AI-powered editorial decision-making can be a lot for some to stomach. If a machine knows better than a human editor what, where and when to publish, does that make the human redundant?

"Absolutely not," says Walmsley. Although it took about six years to train the algorithm, it can always be overridden. That is very important when publishing, for instance, an investigation that the tool has never seen, or information about the pandemic that has not happened before.

Humans also make decisions about which content to put out for free no matter what the computer thinks. For instance, when wildfires were raging in Western Canada, the news site put evacuation information out for free, even removing ads from the homepage to make sure they do not hamper loading times. This practice often has a halo effect; when the audience sees that public interest journalism is put in front of any paywall, they decide to take up a subscription to support the organisation.

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Every year, the editor-in-chief looks at Sophi scores and seeks patterns to understand which content audiences value the most. Consistently, the most important work is staff work - about 60 per cent - and then come the wires, press releases and other types of content. Assessing tens of thousands of articles The Globe and Mail publishes every year, it also becomes clear that the articles at the bottom of the pile are generating so little engagement it is probably not worth doing them at all.

Editorial skills and critical thinking are still needed for making sure readers get a balanced news diet. For instance, there was a time when articles about Donald Trump was an audience magnet and the paper could not produce enough of it to satisfy the demand. But editors stepped in and decided - contrary to the algorithm's recommendations - to publish less Trump-related content as it was crowding out other important topics and it was not healthy for the readers.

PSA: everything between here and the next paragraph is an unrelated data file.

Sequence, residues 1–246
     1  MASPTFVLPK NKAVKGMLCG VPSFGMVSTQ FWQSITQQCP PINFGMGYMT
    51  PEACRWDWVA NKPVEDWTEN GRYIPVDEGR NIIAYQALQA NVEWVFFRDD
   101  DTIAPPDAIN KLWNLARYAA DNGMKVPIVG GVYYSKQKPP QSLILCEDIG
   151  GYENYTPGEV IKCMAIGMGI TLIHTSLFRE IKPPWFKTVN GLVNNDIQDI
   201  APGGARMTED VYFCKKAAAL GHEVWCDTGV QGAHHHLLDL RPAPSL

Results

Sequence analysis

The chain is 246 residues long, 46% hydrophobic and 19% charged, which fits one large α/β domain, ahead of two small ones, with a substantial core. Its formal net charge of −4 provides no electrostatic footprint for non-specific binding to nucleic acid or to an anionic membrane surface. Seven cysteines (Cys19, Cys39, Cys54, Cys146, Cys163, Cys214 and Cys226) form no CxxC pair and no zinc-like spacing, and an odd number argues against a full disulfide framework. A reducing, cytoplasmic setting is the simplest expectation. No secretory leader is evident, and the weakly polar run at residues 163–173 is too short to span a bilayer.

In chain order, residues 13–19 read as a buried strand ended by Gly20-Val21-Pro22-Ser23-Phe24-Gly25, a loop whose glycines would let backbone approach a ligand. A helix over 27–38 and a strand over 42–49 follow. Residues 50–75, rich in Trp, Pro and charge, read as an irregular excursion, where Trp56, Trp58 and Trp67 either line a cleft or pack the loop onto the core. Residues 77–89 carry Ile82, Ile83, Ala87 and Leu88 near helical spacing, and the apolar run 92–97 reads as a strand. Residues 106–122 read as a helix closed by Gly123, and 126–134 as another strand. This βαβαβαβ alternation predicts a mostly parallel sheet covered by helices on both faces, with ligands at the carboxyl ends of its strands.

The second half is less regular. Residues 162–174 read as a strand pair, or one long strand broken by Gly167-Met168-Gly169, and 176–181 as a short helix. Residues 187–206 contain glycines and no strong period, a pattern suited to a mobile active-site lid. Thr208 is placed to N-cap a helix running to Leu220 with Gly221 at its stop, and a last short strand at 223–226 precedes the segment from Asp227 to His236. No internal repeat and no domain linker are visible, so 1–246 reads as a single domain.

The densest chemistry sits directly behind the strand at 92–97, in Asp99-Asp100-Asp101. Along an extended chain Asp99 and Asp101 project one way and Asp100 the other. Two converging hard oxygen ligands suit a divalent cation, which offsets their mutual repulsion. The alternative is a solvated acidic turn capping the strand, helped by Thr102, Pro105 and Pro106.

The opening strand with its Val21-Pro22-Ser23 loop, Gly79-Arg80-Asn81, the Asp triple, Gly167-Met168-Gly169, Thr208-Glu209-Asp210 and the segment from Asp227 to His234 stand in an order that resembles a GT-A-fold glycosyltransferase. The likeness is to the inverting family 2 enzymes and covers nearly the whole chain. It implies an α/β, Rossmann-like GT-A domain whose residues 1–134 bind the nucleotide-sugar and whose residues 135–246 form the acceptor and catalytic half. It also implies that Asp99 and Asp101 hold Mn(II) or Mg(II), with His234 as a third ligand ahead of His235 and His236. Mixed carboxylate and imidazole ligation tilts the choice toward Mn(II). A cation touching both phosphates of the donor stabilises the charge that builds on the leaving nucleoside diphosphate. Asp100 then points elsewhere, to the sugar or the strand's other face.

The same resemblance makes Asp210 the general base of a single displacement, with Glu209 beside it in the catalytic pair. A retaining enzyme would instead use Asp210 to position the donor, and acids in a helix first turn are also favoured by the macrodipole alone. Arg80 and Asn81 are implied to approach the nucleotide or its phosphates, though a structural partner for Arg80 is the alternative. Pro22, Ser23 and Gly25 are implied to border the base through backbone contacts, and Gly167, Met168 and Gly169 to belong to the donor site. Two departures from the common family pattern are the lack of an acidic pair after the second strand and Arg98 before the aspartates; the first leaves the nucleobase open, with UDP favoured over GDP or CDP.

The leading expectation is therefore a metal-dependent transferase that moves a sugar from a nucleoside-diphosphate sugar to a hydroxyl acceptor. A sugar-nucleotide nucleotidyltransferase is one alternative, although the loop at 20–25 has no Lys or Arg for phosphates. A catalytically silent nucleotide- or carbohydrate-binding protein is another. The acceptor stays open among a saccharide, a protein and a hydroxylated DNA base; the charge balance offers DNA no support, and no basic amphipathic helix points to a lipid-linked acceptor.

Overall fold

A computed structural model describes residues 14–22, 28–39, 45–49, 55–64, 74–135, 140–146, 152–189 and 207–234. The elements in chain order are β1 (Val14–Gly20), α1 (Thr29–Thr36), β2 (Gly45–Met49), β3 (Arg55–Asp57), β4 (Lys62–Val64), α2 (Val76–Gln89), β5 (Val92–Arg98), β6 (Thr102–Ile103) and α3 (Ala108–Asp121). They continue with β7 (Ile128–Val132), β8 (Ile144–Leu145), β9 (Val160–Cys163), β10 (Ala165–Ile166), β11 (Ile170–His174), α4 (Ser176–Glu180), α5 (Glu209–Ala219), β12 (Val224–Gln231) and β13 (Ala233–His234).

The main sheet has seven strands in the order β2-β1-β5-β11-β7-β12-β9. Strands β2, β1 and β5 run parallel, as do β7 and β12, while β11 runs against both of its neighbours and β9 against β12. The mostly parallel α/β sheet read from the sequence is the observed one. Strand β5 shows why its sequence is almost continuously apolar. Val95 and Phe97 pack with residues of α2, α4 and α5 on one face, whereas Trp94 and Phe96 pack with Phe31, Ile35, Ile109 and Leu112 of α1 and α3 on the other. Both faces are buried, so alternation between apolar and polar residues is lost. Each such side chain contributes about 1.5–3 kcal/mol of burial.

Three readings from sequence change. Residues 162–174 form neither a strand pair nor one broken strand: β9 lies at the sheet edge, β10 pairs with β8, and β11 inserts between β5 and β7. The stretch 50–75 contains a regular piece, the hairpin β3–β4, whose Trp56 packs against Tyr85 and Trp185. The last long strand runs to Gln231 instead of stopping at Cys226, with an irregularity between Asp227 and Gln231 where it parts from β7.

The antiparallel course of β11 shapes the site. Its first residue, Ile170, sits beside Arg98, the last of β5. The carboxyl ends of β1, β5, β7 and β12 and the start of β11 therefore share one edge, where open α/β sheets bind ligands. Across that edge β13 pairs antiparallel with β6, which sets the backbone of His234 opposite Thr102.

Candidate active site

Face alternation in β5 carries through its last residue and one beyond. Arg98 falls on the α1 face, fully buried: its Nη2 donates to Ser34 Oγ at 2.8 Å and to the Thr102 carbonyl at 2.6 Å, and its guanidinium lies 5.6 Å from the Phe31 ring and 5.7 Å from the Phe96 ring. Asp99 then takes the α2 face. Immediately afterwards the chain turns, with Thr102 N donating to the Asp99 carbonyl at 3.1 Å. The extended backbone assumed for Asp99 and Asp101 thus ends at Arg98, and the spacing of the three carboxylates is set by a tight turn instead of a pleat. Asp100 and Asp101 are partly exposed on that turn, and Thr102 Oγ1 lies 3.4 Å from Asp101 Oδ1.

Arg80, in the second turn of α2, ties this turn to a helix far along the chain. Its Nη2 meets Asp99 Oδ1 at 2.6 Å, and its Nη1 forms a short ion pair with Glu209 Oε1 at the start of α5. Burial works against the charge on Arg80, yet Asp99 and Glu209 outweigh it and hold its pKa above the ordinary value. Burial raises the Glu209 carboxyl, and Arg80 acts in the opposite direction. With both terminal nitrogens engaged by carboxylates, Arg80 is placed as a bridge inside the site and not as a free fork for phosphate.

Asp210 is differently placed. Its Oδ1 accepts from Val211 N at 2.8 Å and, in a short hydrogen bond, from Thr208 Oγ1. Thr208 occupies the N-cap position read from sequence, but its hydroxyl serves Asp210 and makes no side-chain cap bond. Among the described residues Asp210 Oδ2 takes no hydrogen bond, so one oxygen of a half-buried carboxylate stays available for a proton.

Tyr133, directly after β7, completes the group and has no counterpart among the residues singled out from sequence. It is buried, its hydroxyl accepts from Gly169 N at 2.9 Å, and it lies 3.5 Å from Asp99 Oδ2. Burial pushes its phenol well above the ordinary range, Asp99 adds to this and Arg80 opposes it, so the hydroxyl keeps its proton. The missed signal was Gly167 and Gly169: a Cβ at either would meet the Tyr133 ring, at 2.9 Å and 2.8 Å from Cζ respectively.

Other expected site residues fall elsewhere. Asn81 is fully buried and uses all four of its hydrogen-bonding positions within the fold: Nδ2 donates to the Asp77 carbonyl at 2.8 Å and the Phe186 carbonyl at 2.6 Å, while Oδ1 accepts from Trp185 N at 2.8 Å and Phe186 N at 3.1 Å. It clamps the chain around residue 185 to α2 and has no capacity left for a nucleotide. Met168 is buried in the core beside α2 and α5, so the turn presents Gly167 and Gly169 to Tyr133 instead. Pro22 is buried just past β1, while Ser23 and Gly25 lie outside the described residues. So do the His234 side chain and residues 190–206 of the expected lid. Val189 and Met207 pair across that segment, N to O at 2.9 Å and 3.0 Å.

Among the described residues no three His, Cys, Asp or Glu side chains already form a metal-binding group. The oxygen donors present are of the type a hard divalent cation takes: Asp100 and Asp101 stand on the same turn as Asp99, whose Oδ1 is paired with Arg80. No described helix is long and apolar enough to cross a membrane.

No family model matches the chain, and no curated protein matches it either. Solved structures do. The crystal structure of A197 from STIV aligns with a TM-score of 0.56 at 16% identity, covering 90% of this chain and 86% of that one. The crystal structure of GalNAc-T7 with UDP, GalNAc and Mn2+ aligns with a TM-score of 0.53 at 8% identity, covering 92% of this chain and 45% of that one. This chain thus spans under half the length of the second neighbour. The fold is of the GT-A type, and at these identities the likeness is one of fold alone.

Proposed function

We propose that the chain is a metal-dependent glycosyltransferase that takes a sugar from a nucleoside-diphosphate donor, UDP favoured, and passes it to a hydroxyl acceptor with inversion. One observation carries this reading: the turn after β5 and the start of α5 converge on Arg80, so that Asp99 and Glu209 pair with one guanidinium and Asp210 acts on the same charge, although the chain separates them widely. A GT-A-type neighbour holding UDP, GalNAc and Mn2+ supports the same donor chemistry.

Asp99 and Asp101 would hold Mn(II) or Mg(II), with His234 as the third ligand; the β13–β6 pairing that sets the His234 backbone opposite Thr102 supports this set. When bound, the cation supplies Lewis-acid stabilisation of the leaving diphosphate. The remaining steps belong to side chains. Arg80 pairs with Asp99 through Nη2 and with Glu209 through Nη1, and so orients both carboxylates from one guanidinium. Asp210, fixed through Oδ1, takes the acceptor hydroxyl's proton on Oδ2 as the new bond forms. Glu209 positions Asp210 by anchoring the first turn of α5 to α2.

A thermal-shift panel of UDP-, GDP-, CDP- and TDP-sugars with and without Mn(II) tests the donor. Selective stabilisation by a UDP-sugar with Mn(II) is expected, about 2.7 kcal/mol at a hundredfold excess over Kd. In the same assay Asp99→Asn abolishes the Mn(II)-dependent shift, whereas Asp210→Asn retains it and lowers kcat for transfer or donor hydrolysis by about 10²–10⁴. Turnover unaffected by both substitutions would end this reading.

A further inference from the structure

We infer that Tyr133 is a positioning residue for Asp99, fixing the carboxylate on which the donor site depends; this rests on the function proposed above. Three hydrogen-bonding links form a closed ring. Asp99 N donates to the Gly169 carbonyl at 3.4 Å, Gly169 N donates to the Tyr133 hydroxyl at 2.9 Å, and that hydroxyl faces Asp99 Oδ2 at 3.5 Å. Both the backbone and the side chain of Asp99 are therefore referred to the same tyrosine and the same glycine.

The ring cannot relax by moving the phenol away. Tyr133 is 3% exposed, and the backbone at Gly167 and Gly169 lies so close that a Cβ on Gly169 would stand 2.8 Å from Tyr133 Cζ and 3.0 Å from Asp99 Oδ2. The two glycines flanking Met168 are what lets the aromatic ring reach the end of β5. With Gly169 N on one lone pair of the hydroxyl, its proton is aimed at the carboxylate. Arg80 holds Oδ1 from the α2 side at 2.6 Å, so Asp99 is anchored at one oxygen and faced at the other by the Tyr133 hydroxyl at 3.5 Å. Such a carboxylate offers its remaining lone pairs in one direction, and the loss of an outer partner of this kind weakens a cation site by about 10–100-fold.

So this is what the process looks like in practice: a journalist uploads an article to the CMS and sets the time for publication or lets the algorithm decide based on previous publication patterns. If they agree with the recommendation, they confirm and leave. If not, they override it manually, no questions asked.

Letting an algorithm decide what should and should not go on the homepage has one important advantage: it removes promotional bias. In every newsroom, the most prominent reporters sometimes monopolise the front page but with Sophi, the latest junior recruit can get the same exposure as the star writer if their content is valuable to the audience. In a newsroom with some 250 staff on the journalism side, that can make a real difference in career growth.

"Journalists’ work didn’t really change," says Walmsley. For many staffers, it fosters a sense of pride when they see they are bringing new subscribers. But perhaps the biggest gift this AI-powered tool gives them is advice on what to start, stop and continue doing.

This series is supported by United Robots and Utopia Analytics. Neither of them is involved in the editorial process at any stage.

United Robots AB is a Swedish technology company working in automated editorial content. The company leverages structured data to provide publishers with automatically generated content about sports, real estate, traffic, weather, local businesses and the stock market.

Utopia Analytics is a Finnish company that enables automated moderation of reader comments and cuts down the publishing delay. Inappropriate behaviour, bullying, hate speech, discrimination, sexual harassment and spam are filtered out 24/7 so teams can focus on moderation policy management.